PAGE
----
Intel (NASDAQ:INTC) is expanding into reality TV through a partnership with Time Warner's (NYSE: TWX) TBS, according to The Wall Street Journal. The two companies will launch a show called America's Greatest Makers, in which inventors produce competing wearable devices to win a $1 million grand prize.
The show will be helmed by Mark Burnett, who created the hit reality TV series Survivor, and premiere next year on TBS. Select clips will also be distributed to other Time Warner cable networks, including TNT, Adult Swim, and CNN. At IDF 2015, Burnett declared that America's Greatest Makers would be a "huge cross-platform media event."
Why is Intel doing this?
While this seems like an odd move for Intel, it actually complements its efforts to shift the focus away from its struggles in PCs and mobile devices.
The slowdown in global PC shipments, which Gartner claims fell 9.5% annually in the second quarter, caused Intel to slash its full-year revenue forecast by nearly $1 billion in March. It's also been heavily subsidizing mobile OEMs with steep discounts on Atom chips, co-marketing agreements, and financial assistance in redesigning logic boards. Those desperate subsidies caused its mobile unit to post an operating loss of $4.2 billion last year -- down from a loss of $3.1 billion a year earlier.
Intel hopes that growth in the Internet of Things (IoT) market -- which consists of everyday objects connected to each other and the cloud -- can eventually offset those losses. Networking giant Cisco expects the number of connected devices to double from 25 billion this year to 50 billion in 2020.
To capitalize on that growth, Intel produced the button-sized Curie module, which can be installed in wearable devices and other objects. Intel also launched Edison, an SD-card-sized computer with an application processor, storage, and wireless connections. Both Curie and Edison run on Intel's Quark line of 32-bit SoCs, which are designed for tiny devices that consume minimal power.
Slow but steady growth
To accelerate the development of these devices, Intel launched a dedicated IoT division in November 2013. Last quarter, revenue at the unit rose 4% annually to $559 million, accounting for 4% of Intel's top line.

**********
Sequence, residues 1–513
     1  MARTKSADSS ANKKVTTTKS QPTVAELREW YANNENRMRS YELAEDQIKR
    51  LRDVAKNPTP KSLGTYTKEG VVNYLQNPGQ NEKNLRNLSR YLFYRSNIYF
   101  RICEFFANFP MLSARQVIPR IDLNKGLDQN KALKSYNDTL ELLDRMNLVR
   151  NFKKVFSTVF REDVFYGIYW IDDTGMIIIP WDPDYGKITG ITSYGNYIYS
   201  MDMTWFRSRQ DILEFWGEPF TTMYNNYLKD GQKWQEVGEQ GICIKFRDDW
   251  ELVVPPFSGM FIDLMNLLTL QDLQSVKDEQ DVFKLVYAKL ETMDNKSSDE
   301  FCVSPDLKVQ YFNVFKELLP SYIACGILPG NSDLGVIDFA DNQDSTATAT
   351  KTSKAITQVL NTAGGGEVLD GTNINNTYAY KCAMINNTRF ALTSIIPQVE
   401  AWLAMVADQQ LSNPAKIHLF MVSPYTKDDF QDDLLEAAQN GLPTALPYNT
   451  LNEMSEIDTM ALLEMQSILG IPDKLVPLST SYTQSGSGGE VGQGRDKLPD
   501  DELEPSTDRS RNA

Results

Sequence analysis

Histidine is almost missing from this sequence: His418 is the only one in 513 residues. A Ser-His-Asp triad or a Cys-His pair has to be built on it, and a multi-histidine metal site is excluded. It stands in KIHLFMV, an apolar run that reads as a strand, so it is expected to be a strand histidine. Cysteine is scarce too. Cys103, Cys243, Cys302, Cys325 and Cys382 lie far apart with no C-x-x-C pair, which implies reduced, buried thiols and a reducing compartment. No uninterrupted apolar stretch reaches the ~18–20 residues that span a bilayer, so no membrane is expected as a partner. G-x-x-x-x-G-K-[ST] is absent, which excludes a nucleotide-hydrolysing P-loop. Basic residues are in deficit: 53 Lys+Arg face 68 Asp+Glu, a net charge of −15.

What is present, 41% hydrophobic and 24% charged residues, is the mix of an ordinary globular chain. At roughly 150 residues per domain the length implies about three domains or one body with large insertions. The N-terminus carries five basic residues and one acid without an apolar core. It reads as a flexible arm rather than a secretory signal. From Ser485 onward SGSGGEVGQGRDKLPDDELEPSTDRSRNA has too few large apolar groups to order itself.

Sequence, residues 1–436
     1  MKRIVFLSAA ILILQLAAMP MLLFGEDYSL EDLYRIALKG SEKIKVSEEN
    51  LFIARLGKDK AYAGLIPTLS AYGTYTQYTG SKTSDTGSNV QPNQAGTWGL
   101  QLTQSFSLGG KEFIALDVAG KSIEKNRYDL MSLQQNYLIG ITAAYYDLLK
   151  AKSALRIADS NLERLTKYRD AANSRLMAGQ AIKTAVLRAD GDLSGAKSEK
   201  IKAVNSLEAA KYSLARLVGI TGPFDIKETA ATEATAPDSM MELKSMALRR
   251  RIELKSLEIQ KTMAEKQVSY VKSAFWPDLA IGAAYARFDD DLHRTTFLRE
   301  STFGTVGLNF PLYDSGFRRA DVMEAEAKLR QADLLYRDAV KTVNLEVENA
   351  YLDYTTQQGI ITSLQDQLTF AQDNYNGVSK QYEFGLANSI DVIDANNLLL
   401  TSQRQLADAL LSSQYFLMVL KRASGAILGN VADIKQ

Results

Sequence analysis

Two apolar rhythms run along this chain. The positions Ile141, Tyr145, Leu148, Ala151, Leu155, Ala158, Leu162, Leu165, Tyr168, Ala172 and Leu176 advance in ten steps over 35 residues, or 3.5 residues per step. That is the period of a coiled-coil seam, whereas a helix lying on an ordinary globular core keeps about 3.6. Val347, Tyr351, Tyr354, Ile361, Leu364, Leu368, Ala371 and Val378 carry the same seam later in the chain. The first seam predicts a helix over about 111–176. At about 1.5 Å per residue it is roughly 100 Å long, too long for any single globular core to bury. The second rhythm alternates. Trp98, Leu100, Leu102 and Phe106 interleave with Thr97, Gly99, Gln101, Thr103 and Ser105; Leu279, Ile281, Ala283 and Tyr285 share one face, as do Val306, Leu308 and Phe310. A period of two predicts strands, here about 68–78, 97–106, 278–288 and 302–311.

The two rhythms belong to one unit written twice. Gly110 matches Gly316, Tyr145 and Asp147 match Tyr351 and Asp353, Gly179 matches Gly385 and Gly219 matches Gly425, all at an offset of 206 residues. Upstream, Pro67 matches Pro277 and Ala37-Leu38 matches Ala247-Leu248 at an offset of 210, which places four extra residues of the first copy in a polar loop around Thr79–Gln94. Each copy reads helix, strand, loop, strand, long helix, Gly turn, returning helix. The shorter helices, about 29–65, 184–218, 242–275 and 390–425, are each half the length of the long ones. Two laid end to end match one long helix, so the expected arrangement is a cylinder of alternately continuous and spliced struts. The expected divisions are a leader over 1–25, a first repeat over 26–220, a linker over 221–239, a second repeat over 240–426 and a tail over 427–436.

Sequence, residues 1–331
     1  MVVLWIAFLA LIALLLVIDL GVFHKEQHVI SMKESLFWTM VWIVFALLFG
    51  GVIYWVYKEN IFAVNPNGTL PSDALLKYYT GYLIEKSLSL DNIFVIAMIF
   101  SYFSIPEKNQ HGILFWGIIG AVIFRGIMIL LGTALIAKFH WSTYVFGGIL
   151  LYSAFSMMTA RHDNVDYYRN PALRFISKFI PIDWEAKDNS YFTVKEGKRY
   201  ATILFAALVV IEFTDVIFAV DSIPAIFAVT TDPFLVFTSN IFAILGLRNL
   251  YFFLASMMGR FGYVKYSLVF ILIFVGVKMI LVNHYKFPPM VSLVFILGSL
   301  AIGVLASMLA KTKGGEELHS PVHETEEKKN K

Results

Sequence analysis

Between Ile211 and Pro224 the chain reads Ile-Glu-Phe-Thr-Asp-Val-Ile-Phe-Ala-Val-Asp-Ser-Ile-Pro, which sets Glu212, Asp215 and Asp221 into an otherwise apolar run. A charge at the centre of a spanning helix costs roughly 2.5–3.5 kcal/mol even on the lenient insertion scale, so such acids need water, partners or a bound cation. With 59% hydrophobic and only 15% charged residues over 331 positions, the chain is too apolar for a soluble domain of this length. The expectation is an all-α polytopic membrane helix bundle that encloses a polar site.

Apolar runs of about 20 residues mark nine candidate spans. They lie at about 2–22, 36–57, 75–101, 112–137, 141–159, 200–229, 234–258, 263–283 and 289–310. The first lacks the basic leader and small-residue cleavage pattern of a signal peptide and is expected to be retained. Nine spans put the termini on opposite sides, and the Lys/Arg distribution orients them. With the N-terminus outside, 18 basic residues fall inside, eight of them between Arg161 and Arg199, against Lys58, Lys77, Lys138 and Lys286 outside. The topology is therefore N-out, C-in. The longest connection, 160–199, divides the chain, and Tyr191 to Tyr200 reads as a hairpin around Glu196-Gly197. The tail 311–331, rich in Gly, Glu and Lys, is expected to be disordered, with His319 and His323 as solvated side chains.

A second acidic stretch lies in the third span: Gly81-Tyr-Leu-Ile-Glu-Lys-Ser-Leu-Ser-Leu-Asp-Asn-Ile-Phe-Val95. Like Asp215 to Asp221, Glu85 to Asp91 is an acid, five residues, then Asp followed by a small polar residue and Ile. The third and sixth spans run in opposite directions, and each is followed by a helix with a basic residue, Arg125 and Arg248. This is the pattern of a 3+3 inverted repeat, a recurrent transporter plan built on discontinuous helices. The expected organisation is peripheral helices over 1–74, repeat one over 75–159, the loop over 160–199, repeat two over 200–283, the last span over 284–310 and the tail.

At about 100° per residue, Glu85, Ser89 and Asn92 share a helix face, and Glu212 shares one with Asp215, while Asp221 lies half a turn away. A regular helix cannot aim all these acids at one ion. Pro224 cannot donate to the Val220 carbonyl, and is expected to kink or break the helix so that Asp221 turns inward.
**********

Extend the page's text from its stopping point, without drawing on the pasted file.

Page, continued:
That growth doesn't sound impressive, but Intel is expanding the business through acquisitions and partnerships. Last March, it acquired fitness-tracker maker Basis Science, which launched its first health-tracking smartwatch, the Basis Peak, later that year. It partnered with SMS Audio to make health-tracking headphones and developed the high-end MICA "smart bracelet" with fashion retailer Opening Ceremony. Intel is also collaborating with Google to develop wearables and smartwatches for Fossil and LVMH's Tag Heuer.
All those moves widen Intel's defensive moat against ARM Holdings (NASDAQ: ARMH), which dominated the smartphone and tablet markets by licensing its cheap and low-power designs out to leading chip makers. Intel doesn't want ARM to control the growing wearables market in the same way, so it's trying to boost the visibility of its IoT modules.
ARM might have the backing of chip-making giants like Qualcomm and MediaTek, but its marketing strategy also depends on those chip makers. On its own, ARM doesn't have the resources to launch an "ARM Inside" marketing blitz like Intel.
Intel, however, has deep pockets and isn't shy about spending money on IoT-related acquisitions, partnerships, competitions, and promotional efforts. That's why it held a "Make It Wearable" contest last year for aspiring developers. Nixie, the wearable "selfie drone" that flies off a user's wrist, won that contest and claimed the $500,000 grand prize. In exchange, Intel got plenty of free publicity from the media coverage.
Intel has also opened seven "IoT Ignition Labs" worldwide, which showcase IoT technologies and provide developers with tools, resources, and expertise to foster innovation. Intel hosts "IoT Challenges" at some of these labs, where inventors learn how to create IoT products with Edison hardware.
Therefore, developing a reality TV show with TBS is a natural extension of this strategy. It boosts the visibility of Intel's IoT modules beyond the tech community and promotes them to a mainstream audience. If that push succeeds, independent developers and start-ups might start using Intel's IoT chips more than ARM-licensed ones.